• Once again guys thisis how we would do this in PowerShell.  There is no need to invent anything more difficult.

    if($filelist=(Get-ChildItem -Path $path -include *.trn,*.bak -File -Recurse -Force | where-object {$_.LastWriteTime.Date -lt $limit)){
         # files found
    }else{
         # no files found
    }


    \_(ツ)_/

    Tuesday, September 29, 2015 3:12 PM
  • Yes, great example of one way to do it ;-)

    I voted on it BTW.

    My intent was not to "invent anything more difficult" as you put it.

    I was just replying to adriannzde's comment regarding the NULL value returned and suggested a simple test using the property dereference operator


    Please remember to: "Vote" if my response was helpful. "Mark As Answered" if I answered your question correctly. V/R, Darrick West - Senior Systems Engineer, ConfigMgr: OSD

    Tuesday, September 29, 2015 3:52 PM
  • I understand that and it as good info but not really a good solution.  Using Test-Path after a Get-ChildItem is silly.

    Why not try this:

    Get-ChildItem *.bak | Test-Path

    I guarantee it will always return true so the test serves no purpose.


    \_(ツ)_/

    • Marked as answer by adriannzde Wednesday, September 30, 2015 7:41 AM
    Tuesday, September 29, 2015 4:11 PM
  • Thanks jrv, this is the method I am now using.

    For the record here is the code block I will be using to check for the existence of a couple of items before the real work of the script Begins:

    $bkpath = "F:\Backup\"
    $chkfl = (Get-ChildItem -Path $bkpath -include *.trn,*.bak -Recurse -Force)
    
    $workdir = "F:\Backup\temp\" 
    $Zipfiledir = "F:\Backup\zipfiles"
    
    # Sanity test on variables
    $Zipfiledirexists = $Zipfiledir | Test-Path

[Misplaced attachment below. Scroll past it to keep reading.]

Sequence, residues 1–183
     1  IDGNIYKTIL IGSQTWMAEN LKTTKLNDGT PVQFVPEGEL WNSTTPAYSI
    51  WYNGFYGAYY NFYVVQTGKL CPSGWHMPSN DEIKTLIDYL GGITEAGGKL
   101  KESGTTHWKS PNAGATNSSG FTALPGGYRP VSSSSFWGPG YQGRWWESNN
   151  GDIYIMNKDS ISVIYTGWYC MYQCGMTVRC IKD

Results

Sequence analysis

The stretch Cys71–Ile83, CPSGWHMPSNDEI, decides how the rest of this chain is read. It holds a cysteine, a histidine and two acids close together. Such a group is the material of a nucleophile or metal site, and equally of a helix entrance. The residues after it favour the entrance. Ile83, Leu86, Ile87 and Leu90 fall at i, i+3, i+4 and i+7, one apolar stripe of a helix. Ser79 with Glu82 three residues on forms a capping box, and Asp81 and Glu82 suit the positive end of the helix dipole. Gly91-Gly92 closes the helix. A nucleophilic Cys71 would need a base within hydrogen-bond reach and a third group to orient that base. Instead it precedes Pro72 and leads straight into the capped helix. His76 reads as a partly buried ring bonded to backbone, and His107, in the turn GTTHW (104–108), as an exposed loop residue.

$workdirexists = $workdir | Test-Path
    
    if ($Zipfiledirexists -eq "True" -and $workdirexists -eq "True")
    {
    write-Host "Path variables are set to existing locations"
    }
    Else
    {
    write-host "Check your path variables are set correctly"
    exit
    }
    
    # Sanity test on existence of uncompressed backup files
    $backupsexist = $chkfl | Test-Path
    if ($backupsexist -eq "True")
    {
    write-Host "At least 1 uncompressed file found - ok to proceed"
    }
    Else
    {
    write-host "No backup files found - has SQL backup been run?"
    exit
    }

     


    • Edited by adriannzde Wednesday, September 30, 2015 8:11 AM
    Wednesday, September 30, 2015 8:09 AM
  • Yeah, you're right. But I wasn't implying the use of Test-Path for his test.

    Please remember to: "Vote" if my response was helpful. "Mark As Answered" if I answered your question correctly. V/R, Darrick West - Senior Systems Engineer, ConfigMgr: OSD


    Monday, October 5, 2015 10:29 AM
  • Your code involving   $chkfl  and   $backupsexist   is probably not doing what you intended.
    What do you think that the code involving   $chkfl  and $backupsexist  is doing?
    Monday, October 5, 2015 4:47 PM
  • I understand that and it as good info but not really a good solution.  Using Test-Path after a Get-ChildItem is silly.

    Why not try this:

    Get-ChildItem *.bak | Test-Path

    I guarantee it will always return true so the test serves no purpose.


    \_(ツ)_/

    andrianzde, why is that post by jrv marked as the "answer" ?  

    I don't think that jrv intended that as "working" code. 
    Monday, October 5, 2015 6:17 PM
  • I understand that and it as good info but not really a good solution.  Using Test-Path after a Get-ChildItem is silly.

    Why not try this:

    Get-ChildItem *.bak | Test-Path

    I guarantee it will always return true so the test serves no purpose.


    \_(ツ)_/

    andrianzde, why is that post by jrv marked as the "answer" ?  

    I don't think that jrv intended that as "working" code. 

    I intended to point pout that it serves no purpose.  It is just wasted code.

    \_(ツ)_/

    Monday, October 5, 2015 6:21 PM
  • Hi Larry,

    Thanks for your comment!

    what I _think_ I am doing with these 2 variables is checking for the existance of any backup files, and then with the conditional clause that comes directly after performing 1 set of actions if files are found - actually what I do is create a zip archive in the "real" script , or if no files are found do something else - in the real script a mail goes out telling me the backup job Needs to be checked.